From New Life in New Lands: Notes of Travel
By Grace Greenwood [Sara Lippincott]
New York: J. B. Ford and Company, 1873

The women of Greeley seem to me to have great spirit and cheerfulness. Yet I felt that with their new, strange, wild surroundings, -- the illimitable vastness of earth and sky, -- with new labors and hardships and deprivations and discomforts, -- with the care of all the ditchers than cometh upon them daily, -- they must be discontented, unhappy, rebellious; and I tried to win from them the sorrowful secret. I gave them to understand that I was a friend to the sex, ready at any time, on the shortest notice, to lift my voice against the wrongs and disabilities of women; that I deeply felt for wives and daughters whom tyrant man and dragged away from comfortable Eastern homes, neighborly cronies, and choice Gospel and shopping privileges. But the perverse creatures actually declared that they were never so happy and so healthy as they are here, right on the edge of the great American Desert; that they life in the sure hope of soon having more than the old comforts and luxuries around them; that, in short, the smell of the "flesh-pots of Egypt" has gone clean out of their nostrils.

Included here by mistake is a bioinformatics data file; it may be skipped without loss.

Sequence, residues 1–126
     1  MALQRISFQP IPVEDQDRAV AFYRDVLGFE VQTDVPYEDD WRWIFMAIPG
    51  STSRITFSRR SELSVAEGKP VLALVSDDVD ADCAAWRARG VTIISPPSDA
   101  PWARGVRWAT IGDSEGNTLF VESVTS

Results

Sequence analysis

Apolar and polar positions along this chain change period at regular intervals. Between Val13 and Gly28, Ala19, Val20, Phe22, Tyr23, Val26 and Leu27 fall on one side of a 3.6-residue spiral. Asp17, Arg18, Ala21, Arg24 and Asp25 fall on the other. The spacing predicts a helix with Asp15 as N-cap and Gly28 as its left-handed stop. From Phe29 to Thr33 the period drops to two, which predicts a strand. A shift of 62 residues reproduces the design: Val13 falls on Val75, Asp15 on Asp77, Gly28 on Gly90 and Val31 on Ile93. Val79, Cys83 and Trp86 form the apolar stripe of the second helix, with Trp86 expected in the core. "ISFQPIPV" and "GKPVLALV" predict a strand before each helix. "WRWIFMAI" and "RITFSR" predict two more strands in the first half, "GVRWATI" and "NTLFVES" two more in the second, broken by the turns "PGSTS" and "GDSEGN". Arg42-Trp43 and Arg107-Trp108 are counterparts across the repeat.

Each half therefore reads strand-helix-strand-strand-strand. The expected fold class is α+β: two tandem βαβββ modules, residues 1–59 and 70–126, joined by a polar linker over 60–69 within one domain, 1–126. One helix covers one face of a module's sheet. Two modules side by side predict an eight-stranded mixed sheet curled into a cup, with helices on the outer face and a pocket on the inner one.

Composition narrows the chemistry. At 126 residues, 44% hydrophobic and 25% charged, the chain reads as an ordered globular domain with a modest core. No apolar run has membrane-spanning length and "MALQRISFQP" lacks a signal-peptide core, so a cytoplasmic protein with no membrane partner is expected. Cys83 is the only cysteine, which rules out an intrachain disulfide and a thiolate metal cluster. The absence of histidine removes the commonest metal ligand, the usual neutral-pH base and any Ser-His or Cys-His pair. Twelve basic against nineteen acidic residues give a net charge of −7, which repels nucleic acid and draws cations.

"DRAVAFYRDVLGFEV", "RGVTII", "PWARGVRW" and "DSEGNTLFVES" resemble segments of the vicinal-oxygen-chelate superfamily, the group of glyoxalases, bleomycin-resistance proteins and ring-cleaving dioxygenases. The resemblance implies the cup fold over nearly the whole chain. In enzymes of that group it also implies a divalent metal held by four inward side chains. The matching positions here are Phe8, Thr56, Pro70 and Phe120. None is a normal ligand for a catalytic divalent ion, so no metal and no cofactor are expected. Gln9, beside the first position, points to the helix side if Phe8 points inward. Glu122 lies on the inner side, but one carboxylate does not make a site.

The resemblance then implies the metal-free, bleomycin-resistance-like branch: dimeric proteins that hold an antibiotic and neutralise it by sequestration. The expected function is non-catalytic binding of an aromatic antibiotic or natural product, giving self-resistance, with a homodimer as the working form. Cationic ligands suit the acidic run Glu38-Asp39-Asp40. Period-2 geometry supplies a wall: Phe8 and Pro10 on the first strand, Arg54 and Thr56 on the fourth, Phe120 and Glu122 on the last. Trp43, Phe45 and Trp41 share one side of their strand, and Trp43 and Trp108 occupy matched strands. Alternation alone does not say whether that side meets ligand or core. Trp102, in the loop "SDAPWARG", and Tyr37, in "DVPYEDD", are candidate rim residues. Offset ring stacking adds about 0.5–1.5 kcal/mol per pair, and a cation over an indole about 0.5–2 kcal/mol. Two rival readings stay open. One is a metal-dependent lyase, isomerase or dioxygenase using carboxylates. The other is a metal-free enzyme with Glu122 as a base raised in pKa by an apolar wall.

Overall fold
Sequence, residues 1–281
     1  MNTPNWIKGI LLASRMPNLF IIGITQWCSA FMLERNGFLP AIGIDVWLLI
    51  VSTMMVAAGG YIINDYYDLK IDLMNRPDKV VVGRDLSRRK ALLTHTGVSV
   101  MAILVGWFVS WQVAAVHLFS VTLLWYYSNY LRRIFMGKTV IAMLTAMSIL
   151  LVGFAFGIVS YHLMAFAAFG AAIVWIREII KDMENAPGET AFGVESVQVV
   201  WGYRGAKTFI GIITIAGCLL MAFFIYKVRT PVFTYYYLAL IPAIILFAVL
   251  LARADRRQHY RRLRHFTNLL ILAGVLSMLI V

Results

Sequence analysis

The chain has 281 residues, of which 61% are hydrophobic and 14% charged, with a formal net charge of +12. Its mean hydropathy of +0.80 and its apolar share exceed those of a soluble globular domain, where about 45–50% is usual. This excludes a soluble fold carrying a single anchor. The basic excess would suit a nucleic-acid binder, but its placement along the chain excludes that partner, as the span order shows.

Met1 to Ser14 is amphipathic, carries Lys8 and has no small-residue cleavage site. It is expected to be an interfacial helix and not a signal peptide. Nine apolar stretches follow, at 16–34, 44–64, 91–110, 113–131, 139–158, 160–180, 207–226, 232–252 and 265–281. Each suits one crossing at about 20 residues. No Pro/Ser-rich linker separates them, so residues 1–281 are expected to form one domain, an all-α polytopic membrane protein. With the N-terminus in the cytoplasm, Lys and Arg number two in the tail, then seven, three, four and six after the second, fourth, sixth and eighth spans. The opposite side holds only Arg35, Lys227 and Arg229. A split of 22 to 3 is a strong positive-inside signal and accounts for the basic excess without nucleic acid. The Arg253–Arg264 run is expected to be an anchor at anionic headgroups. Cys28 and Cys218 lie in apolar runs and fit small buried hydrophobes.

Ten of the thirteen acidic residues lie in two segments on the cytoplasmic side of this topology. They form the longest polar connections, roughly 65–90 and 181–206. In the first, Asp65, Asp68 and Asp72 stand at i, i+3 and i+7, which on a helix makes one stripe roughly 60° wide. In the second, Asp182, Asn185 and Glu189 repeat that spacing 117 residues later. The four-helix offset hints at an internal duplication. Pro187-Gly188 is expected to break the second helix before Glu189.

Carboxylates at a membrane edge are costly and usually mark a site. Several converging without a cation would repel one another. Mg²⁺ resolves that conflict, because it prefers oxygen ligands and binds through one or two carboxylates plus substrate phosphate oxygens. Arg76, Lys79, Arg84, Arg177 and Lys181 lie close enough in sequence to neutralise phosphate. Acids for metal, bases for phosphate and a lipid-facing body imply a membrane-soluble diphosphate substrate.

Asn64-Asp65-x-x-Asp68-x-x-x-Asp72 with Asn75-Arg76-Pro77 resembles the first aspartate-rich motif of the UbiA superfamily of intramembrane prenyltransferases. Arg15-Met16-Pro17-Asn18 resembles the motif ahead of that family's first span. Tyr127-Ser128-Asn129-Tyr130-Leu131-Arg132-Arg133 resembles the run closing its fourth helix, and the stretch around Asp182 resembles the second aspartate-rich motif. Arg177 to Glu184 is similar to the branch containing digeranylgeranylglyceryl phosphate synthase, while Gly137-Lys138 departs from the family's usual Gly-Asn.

In fact, I find Colorado women everywhere, on mountain or plain, in town or ranch, singularly courageous and cheery, and I think that the cause in great part lies in their excellent health. The pioneer women of Michigan, Indiana, and Illinois had in their time to endure similar hardships and privations, with ague and fevers thrown in. The spirit shook with the body; when the liver gave out, the heart soon failed.

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